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The Expression of Genes Involved in Hepatocellular Carcinoma Chemoresistance Is Affected by Mitochondrial Genome Depletion

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journal contribution
posted on 02.06.2014, 00:00 by Ester Gonzalez-Sanchez, Jose J. G. Marin, Maria J. Perez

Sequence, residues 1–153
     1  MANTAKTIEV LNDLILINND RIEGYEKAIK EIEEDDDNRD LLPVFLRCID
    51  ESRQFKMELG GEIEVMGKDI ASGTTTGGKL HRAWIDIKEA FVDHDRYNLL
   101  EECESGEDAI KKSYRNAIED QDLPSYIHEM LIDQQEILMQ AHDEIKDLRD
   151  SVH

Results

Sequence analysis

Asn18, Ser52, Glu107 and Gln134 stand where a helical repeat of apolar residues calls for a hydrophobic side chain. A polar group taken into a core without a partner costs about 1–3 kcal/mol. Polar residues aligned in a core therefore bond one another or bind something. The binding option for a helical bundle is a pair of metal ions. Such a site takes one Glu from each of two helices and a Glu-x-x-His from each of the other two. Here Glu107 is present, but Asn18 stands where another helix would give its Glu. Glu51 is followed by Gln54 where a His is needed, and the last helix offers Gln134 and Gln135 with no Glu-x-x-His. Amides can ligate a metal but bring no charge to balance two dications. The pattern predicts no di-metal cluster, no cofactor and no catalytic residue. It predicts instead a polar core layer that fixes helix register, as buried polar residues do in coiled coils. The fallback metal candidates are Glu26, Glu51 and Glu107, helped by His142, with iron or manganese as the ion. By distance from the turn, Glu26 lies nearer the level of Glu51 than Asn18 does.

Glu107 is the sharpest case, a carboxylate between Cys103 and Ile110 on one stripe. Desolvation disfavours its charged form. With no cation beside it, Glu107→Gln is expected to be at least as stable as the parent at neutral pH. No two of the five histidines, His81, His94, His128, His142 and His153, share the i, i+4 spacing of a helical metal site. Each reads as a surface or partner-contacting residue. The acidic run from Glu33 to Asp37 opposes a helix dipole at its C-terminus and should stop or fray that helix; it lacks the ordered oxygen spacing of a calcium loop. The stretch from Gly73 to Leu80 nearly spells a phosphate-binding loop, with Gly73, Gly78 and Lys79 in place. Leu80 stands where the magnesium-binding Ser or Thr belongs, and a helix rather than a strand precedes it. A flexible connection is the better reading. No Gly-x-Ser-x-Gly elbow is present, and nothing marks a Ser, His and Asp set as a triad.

Deletions and mutations in mitochondrial DNA (mtDNA), which are frequent in human tumors, such as hepatocellular carcinoma (HCC), may contribute to enhancing their malignant phenotype. Here we have investigated the effect of mtDNA depletion in the expression of genes accounting for mechanisms of chemoresistance (MOC) in HCC. Using human HCC SK-Hep-1 cells depleted of mtDNA (Rho), changes in gene expression in response to antitumor drugs previously assayed in HCC treatment were analyzed. In Rho cells, a decreased sensitivity to doxorubicin-, SN-38-, cisplatin (CDDP)-, and sorafenib-induced cell death was found. Both constitutive and drug-induced reactive oxygen species generation were decreased. Owing to activation of the NRF2-mediated pathway, MDR1, MRP1, and MRP2 expression was higher in Rho than in wild-type cells. This difference was maintained after further upregulation induced by treatment with doxorubicin, SN-38, or CDDP. Topoisomerase-IIa expression was also enhanced in Rho cells before and after treatment with these drugs. Moreover, the ability of doxorubicin, SN-38 and CDDP to induce proapoptotic signals was weaker in Rho cells, as evidenced by survivin upregulation and reductions in Bax/Bcl-2 expression ratios. Changes in these genes seem to play a minor role in the enhanced resistance of Rho cells to sorafenib, which may be related to an enhanced intracellular ATP content together with the loss of expression of the specific target of sorafenib, tyrosine kinase receptor Kit. In conclusion, these results suggest that mtDNA depletion may activate MOC able to hinder the efficacy of chemotherapy against HCC.

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